Agnes Scott College
Former names
Decatur Female Seminary (1889–1890)
Agnes Scott Institute (1890–1906)
MottoIn Fide Vestra Virtutem In Virtute Autem Scientiam
Motto in English
Add to your faith virtue and to your virtue knowledge
TypePrivate women's liberal arts college
Established1889; 135 years ago (1889)
Religious affiliation
Presbyterian
Academic affiliations
APCU
Annapolis Group
Oberlin Group
CIC
WCC
Space-grant
Endowment$247,1 million (2022)[1][2]
PresidentLeocadia I. Zak
Academic staff
127[3]
Students1,124 (Fall 2022)[4]
Undergraduates950 (Fall 2022)[5]
Location, ,
30030-3770
,
United States
CampusSuburban; total 91 acres (37 ha)
Athletic complex 7 acres (2.8 ha)
Bradley Observatory and Delafield Planetarium 1.5 acres (0.61 ha)
NewspaperAgnes Scott Profile
Colors      Scottie Purple, yellow, gold, grey, black (official colors)
   Purple & white (athletic colors)
NicknameScotties
Sporting affiliations
NCAA Division IIICollegiate Conference of the South
MascotScottish Terrier
Websitewww.agnesscott.edu
Agnes Scott College Mission Statement

Agnes Scott College is a private women's liberal arts college in Decatur, Georgia. The college enrolls approximately 1,000 undergraduate and graduate students. The college is affiliated with the Presbyterian Church and is considered one of the Seven Sisters of the South.[6] It also offers co-educational graduate programs.

History

The college was founded in 1889 as Decatur Female Seminary by Presbyterian minister Frank Henry Gaines. In 1890, the name was changed to Agnes Scott Institute to honor the mother of the college's primary benefactor, Col. George Washington Scott. The name was changed again to Agnes Scott College in 1906, and remains today a women's college.

Agnes Scott is considered the first higher education institution in the state of Georgia to receive regional accreditation.[7][8] The ninth and current president since July 2018 is Leocadia I. Zak, who previously worked as director of the U.S. Trade and Development Agency (USTDA).

On July 27, 1994, the campus was listed on the National Register of Historic Places as part of the South Candler Street-Agnes Scott College Historic District.[9] The historic district boundaries are East College Ave., South McDonough St., S. Candler St., East Hill St. and East Davis St. It includes the entire campus, as well as historic homes adjacent to the campus. The campus is also designated by the City of Decatur as a historic district.[citation needed]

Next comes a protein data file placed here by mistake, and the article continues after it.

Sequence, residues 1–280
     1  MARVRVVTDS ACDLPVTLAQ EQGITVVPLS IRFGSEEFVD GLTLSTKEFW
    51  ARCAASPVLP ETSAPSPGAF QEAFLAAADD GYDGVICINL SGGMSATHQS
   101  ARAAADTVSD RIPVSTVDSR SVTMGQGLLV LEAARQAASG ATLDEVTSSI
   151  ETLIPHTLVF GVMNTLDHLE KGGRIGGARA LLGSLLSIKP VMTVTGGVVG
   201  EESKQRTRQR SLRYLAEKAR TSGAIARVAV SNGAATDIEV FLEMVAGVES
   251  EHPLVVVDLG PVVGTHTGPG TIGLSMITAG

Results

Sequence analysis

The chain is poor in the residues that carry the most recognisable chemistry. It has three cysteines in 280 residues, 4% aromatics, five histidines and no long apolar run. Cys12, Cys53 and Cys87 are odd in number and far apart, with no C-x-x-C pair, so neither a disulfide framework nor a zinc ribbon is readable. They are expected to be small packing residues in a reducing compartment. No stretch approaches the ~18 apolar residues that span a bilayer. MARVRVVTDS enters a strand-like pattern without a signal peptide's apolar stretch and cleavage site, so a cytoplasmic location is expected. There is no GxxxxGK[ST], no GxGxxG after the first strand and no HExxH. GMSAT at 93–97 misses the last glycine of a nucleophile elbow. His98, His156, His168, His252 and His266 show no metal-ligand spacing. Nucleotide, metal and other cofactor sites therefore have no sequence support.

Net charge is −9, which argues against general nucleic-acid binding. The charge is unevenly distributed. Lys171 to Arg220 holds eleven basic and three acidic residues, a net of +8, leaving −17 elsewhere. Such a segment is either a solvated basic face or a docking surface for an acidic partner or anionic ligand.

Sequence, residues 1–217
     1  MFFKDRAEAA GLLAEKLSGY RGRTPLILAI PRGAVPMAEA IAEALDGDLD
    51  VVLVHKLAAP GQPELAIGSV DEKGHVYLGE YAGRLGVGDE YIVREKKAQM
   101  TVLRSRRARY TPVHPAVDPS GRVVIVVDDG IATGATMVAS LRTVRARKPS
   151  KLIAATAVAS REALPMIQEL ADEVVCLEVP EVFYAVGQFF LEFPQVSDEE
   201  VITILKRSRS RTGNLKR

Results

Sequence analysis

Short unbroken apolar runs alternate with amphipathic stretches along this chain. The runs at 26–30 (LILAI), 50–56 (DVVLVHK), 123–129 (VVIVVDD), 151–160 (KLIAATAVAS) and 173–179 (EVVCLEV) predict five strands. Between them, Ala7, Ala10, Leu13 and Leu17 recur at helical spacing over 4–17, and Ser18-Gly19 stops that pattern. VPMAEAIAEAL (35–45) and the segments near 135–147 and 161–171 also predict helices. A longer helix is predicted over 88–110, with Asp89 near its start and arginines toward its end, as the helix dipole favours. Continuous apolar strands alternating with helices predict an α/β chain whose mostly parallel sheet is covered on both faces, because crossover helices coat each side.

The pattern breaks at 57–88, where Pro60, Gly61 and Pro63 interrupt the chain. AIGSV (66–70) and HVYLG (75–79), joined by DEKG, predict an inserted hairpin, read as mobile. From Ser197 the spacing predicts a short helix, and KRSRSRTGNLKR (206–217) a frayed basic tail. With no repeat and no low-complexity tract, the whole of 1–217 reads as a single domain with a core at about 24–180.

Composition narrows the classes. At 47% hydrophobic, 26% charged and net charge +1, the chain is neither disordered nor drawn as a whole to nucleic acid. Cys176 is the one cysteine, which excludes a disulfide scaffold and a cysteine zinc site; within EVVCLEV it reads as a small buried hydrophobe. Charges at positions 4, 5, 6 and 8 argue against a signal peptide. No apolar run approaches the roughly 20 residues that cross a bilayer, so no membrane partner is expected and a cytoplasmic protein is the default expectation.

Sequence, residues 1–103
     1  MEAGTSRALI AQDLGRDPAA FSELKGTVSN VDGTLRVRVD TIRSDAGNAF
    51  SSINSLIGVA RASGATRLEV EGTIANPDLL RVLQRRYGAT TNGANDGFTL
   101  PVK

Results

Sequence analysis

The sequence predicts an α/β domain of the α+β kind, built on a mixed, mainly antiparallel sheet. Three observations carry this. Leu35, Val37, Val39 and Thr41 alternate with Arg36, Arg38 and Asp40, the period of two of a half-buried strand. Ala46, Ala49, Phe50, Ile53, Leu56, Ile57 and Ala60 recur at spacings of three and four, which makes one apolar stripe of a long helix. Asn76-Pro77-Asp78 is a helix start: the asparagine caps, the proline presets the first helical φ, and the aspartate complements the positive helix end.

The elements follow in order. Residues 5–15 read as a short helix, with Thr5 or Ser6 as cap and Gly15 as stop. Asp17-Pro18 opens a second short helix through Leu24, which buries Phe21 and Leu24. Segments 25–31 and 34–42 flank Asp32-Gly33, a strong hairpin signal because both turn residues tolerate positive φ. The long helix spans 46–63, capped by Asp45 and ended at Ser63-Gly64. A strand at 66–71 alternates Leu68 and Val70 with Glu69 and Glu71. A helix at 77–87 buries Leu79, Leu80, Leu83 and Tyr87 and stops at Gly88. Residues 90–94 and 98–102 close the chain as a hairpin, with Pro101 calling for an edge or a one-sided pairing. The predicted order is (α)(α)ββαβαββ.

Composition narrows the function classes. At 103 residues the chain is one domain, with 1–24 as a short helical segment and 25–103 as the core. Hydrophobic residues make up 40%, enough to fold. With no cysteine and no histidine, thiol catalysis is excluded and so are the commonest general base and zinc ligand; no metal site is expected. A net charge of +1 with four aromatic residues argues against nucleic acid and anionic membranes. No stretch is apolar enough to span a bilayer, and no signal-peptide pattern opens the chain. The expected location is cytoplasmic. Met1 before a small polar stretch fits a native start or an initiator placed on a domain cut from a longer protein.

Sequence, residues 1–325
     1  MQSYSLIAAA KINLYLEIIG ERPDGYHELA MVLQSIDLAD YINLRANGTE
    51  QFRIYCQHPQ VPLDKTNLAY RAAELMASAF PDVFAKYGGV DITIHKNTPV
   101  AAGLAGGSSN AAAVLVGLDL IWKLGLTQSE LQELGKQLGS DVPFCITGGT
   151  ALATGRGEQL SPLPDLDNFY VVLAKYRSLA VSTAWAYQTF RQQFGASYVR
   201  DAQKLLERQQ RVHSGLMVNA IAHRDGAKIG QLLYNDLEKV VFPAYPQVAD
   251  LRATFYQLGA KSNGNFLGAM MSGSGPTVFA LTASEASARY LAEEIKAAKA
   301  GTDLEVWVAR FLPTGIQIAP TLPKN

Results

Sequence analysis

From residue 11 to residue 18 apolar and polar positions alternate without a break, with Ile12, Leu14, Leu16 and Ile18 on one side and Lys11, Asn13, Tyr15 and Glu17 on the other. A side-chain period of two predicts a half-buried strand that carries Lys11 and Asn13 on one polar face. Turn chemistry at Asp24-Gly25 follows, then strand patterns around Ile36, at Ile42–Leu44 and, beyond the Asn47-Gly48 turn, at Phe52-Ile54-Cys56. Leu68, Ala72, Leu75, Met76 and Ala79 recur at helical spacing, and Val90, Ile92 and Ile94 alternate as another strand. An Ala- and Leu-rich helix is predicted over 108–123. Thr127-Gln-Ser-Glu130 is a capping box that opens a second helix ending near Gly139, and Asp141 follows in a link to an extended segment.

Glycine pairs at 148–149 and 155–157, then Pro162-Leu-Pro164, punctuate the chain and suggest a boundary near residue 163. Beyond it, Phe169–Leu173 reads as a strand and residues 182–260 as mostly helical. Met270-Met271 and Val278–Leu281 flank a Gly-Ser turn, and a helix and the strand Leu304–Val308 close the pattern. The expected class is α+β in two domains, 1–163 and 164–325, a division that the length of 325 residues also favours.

The Reverend Frank Henry Gaines served as the first President of Agnes Scott, formally known as Decatur Female Seminary School, for 27 years (1896–1923). During his 27-year presidency, he ensured stability and success for the school, including the transition to the collegiate level, accreditation by the Southern Association of Colleges and Schools, acquisition of 20 acres of land and 21 buildings and an increase in assets from $5,000 to $1.5 million.

Campus

Agnes Scott College is located within walking distance of downtown Decatur. A MARTA subway station, located in downtown Decatur, allows students to travel to Atlanta.

Agnes Scott (Main) Hall, named after Agnes Irvine Scott, is located at the center of "the loop" and is a one among many Agnes Scott buildings that was listed in the National Register of Historic Places.[10] Main was built in 1891, which makes it the oldest building on campus.[11] Main once housed the entire school. This is documented in the history of Agnes Scott by Dr. McNair entitled Lest We Forget published in 1983.

As technology became more advanced so did Main.[12] Main Hall was the first building on campus and in the neighborhood to have electric lighting.[13] Some say that people would gather outside of Main at night just to admire the light shining within the building.[14]

Buttrick Hall
Looking across the quad
McCain Library at dusk
Bradley Observatory
Inman Hall
Alumnae Garden - Robert Frost statue

Agnes Scott occupies more than 90 acres (360,000 m2) in Decatur. The college also owns the Avery Glen apartments as well as more than a dozen houses in the surrounding neighborhoods housing faculty, staff, and students. There are also six dedicated undergraduate dormitories located on campus.

The Bradley Observatory at Agnes Scott houses the Beck Telescope, a 30-inch (760 mm) Cassegrain reflector, as well as a planetarium with 70-seat capacity and a radio telescope. Recently Agnes Scott College and the Georgia Tech Research Institute have collaborated on a project that added a LIDAR facility to the observatory.[15]